Allowing full relaxation of the shutdown is meant to allow the poor to eke out a living. But this is being done at the potential cost of thousands more unnecessarily getting infected and thousands of needless deaths. The hard-to-swallow reality is that the value of the lives of 55m Pakistanis have basically not mattered to us. They are mere numbers, and will continue to be seen as voiceless, faceless, bodies that must venture outside their homes even when they should be inside instead of putting their lives at huge risk. This is where our public health community is crying itself hoarse to say that there is no evidence that anyone will die of hunger, but they will die of acute illness.

Economists knows that the death of a main earner of a poor family sends them into dire poverty and distress, so much so that they cannot recover for a full generation! But this does not factor in the Yale and other economic models being used to weigh economic gains against deaths. Giving billions of rupees in cash handouts might be a noble gesture, with politically huge benefits. But those advising it know very well it is just a temporary mechanism for income-smoothing; it is not a cure for poverty. When we jump up with new figures showing declines in poverty, we should ask what sort of state allowed millions to be totally without health coverage, education and any earnings. Above all, the lives of the poor are likely to get much worse due to spiralling exponential population growth. Paltry economic growth will be outstripped by our population growth about which we remain unconcerned.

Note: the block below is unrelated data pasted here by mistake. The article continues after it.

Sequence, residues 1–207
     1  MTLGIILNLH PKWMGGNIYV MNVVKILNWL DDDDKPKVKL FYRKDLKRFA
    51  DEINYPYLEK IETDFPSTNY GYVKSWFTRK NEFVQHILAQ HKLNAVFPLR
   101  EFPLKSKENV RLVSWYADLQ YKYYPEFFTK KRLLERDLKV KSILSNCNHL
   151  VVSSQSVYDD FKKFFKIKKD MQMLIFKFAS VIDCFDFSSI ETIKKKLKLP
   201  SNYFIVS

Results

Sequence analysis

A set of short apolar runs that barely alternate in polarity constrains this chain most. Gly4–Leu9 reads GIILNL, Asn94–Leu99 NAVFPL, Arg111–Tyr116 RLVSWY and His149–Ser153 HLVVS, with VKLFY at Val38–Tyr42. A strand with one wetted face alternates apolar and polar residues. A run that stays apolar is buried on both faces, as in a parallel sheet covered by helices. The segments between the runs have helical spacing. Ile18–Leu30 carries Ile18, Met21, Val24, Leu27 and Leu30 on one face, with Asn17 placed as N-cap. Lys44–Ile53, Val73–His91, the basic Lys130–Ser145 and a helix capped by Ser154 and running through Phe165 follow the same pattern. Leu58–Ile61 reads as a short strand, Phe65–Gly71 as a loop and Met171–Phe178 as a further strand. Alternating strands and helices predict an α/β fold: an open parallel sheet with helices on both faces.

It should not be a surprise when Unicef states that 5m new babies will be born in the next nine months — that is more or less the usual number. Babies bring joy and hope, but in Pakistan we have solid proof that almost half of the pregnancies are unwanted, and the poor bear the brunt of these due to lack of family planning services. The only news during Covid-19 is that even the few who do use contraception may be denied access to family planning services. The poorest with need for services do not have access to begin with, so why the concern?

If Pakistani elites decide on a lockdown based on science and worldwide data, they will redeem themselves. If they lift it, they are merely returning to their own original ways of not really caring about what really threatens the masses as long as their own lives are intact. After all, the elites are merely inconvenienced by the length of the lockdown. It is the wretched of the earth who clean toilets, streets, cook and drive for them whose lives will get needlessly worse.

Just saying that we care for the poor is mere words; we have to put in place jobs, social safety nets and basic essential services to make sure that people live a decent life. This is not just the language of the SDGs, but an ask for resetting to basic standards of humanity. Not doing so is selfish, tribal and divisive and truly self-destructive.

The writer is country director, Population Council, Islamabad.

Published in Dawn, May 23rd, 2020